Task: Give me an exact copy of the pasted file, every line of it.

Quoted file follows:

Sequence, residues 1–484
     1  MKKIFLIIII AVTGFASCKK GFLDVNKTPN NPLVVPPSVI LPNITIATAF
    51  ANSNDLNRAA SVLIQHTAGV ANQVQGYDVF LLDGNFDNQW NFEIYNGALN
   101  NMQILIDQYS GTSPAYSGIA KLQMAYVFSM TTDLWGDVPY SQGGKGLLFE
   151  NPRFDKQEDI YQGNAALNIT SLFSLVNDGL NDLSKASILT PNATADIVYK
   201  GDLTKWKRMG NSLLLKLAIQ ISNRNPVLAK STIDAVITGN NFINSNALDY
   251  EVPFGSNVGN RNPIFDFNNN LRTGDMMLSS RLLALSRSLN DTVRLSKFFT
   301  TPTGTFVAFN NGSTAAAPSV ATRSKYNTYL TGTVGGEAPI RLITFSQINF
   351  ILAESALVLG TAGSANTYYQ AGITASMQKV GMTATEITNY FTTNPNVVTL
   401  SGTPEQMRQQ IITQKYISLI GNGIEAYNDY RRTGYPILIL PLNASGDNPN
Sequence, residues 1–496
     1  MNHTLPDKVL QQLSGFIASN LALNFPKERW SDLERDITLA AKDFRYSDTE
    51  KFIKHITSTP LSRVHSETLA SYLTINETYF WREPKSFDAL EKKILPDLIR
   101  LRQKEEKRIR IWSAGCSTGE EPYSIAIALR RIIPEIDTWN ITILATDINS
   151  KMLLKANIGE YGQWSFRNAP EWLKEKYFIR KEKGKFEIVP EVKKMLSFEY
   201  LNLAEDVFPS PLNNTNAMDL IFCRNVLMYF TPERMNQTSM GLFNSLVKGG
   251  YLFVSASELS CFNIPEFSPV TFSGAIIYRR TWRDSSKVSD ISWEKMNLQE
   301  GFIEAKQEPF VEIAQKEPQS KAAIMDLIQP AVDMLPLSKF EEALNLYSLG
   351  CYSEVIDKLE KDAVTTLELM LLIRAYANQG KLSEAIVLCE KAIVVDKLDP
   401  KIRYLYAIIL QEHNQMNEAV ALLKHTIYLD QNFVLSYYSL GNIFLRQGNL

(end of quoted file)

Sequence, residues 1–484
     1  MKKIFLIIII AVTGFASCKK GFLDVNKTPN NPLVVPPSVI LPNITIATAF
    51  ANSNDLNRAA SVLIQHTAGV ANQVQGYDVF LLDGNFDNQW NFEIYNGALN
   101  NMQILIDQYS GTSPAYSGIA KLQMAYVFSM TTDLWGDVPY SQGGKGLLFE
   151  NPRFDKQEDI YQGNAALNIT SLFSLVNDGL NDLSKASILT PNATADIVYK
   201  GDLTKWKRMG NSLLLKLAIQ ISNRNPVLAK STIDAVITGN NFINSNALDY
   251  EVPFGSNVGN RNPIFDFNNN LRTGDMMLSS RLLALSRSLN DTVRLSKFFT
   301  TPTGTFVAFN NGSTAAAPSV ATRSKYNTYL TGTVGGEAPI RLITFSQINF
   351  ILAESALVLG TAGSANTYYQ AGITASMQKV GMTATEITNY FTTNPNVVTL
   401  SGTPEQMRQQ IITQKYISLI GNGIEAYNDY RRTGYPILIL PLNASGDNPN
Sequence, residues 1–496
     1  MNHTLPDKVL QQLSGFIASN LALNFPKERW SDLERDITLA AKDFRYSDTE
    51  KFIKHITSTP LSRVHSETLA SYLTINETYF WREPKSFDAL EKKILPDLIR
   101  LRQKEEKRIR IWSAGCSTGE EPYSIAIALR RIIPEIDTWN ITILATDINS
   151  KMLLKANIGE YGQWSFRNAP EWLKEKYFIR KEKGKFEIVP EVKKMLSFEY
   201  LNLAEDVFPS PLNNTNAMDL IFCRNVLMYF TPERMNQTSM GLFNSLVKGG
   251  YLFVSASELS CFNIPEFSPV TFSGAIIYRR TWRDSSKVSD ISWEKMNLQE
   301  GFIEAKQEPF VEIAQKEPQS KAAIMDLIQP AVDMLPLSKF EEALNLYSLG
   351  CYSEVIDKLE KDAVTTLELM LLIRAYANQG KLSEAIVLCE KAIVVDKLDP
   401  KIRYLYAIIL QEHNQMNEAV ALLKHTIYLD QNFVLSYYSL GNIFLRQGNL